The historic Rosamund House in Tahlequah and the Cherokee National Female Seminary in Tahlequah have a history that is interwoven. Learn information about Tahlequah, OK here.
Gideon Morgan was a teacher who came to Tahlequah to supervise the building of the Cherokee National Female Seminary. The previous seminary called Park Hill had burned in 1887. In those days, a seminary was an institution of higher learning, as a college. When he arrived in Tahlequah, he had the Rosamund House built for his family to live in. Discover facts about Tahlequah History Trail in Tahlequah, OK.
Rosamund was built around 1893 on the southwestern edge of what is now known as Northeast State University. This historic structure has a large front porch with spindlework details, along with gables on the front. It is listed on the National Register of Historic Places.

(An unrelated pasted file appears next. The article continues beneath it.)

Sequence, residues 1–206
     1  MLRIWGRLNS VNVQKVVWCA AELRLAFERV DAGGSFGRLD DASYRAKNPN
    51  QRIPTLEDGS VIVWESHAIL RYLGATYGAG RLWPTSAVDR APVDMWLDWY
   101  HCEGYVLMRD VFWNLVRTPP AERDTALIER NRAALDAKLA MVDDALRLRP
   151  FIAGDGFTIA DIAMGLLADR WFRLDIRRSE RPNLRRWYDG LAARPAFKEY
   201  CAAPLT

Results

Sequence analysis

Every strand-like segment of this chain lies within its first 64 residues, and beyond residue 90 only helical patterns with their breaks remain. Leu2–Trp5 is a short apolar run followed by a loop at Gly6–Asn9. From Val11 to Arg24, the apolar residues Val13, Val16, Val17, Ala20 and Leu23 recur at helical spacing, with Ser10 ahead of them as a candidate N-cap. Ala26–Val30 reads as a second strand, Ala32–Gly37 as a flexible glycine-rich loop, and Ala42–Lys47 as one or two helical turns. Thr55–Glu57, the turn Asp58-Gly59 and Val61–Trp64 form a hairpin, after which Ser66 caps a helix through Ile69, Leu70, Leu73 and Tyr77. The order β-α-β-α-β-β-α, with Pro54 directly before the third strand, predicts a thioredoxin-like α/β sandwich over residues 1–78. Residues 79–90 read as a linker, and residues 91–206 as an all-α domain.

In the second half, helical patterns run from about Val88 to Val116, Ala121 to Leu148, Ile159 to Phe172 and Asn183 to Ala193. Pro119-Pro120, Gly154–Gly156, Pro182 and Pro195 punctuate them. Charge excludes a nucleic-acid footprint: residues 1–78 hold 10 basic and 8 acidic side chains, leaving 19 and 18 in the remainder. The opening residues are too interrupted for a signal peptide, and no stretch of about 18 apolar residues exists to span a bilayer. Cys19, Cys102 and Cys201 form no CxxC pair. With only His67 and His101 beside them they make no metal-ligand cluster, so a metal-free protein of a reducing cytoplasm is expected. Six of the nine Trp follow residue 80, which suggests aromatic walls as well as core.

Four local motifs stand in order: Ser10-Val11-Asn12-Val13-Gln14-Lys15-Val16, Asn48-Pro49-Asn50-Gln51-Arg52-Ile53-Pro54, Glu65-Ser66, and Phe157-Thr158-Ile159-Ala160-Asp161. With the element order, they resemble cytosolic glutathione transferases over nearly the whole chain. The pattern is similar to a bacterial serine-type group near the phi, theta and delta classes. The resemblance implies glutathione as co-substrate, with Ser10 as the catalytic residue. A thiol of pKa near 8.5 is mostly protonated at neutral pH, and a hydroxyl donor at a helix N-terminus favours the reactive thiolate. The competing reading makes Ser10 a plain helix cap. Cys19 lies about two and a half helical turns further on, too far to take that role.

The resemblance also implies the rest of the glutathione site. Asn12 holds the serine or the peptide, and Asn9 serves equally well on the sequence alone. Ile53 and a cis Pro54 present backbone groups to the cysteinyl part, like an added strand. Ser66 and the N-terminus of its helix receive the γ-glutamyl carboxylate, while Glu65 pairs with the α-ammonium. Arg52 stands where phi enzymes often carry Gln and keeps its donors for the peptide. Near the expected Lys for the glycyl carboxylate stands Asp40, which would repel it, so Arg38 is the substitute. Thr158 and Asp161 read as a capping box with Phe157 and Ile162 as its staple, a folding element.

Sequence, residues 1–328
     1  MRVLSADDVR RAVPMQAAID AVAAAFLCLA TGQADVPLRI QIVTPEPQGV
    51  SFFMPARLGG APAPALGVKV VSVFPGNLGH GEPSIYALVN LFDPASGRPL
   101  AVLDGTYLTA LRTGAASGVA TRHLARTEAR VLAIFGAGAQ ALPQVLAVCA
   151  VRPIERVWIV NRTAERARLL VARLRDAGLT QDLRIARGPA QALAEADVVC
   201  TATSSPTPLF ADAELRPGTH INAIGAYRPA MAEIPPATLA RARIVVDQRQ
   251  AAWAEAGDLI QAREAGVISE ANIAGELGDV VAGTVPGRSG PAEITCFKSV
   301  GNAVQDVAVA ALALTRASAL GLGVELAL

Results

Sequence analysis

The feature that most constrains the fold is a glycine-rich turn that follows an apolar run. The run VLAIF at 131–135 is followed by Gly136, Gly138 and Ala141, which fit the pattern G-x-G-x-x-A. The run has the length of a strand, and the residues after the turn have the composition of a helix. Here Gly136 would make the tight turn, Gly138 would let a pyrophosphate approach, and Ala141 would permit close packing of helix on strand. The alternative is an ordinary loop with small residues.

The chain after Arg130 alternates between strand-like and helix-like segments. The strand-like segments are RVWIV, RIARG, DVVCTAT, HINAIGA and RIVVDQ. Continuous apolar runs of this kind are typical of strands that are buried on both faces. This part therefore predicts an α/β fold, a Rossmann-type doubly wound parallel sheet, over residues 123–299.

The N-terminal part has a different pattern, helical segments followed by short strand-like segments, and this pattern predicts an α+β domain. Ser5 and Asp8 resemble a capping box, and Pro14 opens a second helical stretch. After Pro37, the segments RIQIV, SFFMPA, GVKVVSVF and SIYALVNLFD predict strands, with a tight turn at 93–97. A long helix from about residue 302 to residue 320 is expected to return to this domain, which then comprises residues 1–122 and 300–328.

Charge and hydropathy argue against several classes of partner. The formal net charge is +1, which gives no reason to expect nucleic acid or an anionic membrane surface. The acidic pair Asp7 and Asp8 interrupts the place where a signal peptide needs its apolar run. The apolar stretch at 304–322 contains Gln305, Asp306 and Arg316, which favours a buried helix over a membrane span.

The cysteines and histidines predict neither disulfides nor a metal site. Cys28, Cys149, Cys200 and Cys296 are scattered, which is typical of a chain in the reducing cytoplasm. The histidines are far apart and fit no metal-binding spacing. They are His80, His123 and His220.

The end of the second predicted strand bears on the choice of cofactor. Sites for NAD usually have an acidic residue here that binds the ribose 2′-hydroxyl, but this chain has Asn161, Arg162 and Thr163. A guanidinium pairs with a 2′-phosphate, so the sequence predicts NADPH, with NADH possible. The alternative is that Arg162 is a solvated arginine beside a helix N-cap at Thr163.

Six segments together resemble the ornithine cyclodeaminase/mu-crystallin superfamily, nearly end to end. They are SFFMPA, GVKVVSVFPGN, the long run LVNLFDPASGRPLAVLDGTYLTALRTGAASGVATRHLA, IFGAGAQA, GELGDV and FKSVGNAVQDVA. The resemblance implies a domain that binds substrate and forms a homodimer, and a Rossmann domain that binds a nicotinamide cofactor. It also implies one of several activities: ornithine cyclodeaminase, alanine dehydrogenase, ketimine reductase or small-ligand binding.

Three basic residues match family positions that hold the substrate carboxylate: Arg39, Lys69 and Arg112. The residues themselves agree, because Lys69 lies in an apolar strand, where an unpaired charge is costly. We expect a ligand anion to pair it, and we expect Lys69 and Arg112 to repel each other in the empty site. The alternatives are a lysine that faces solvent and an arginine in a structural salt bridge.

After Gideon Morgan moved on, the house served as a hospital in 1919. In 1922 the dean of instruction for Northeastern State University, Robert McIntosh, and his family lived there until 1922.
Left abandoned, it deteriorated until the university bought it in 1985 from the McIntosh estate. It has now been renovated to serve as guest lodging for the university.
President Jimmy Carter stayed at the house in 1989. Others who have stayed there include Cokie Roberts and Helen Thomas.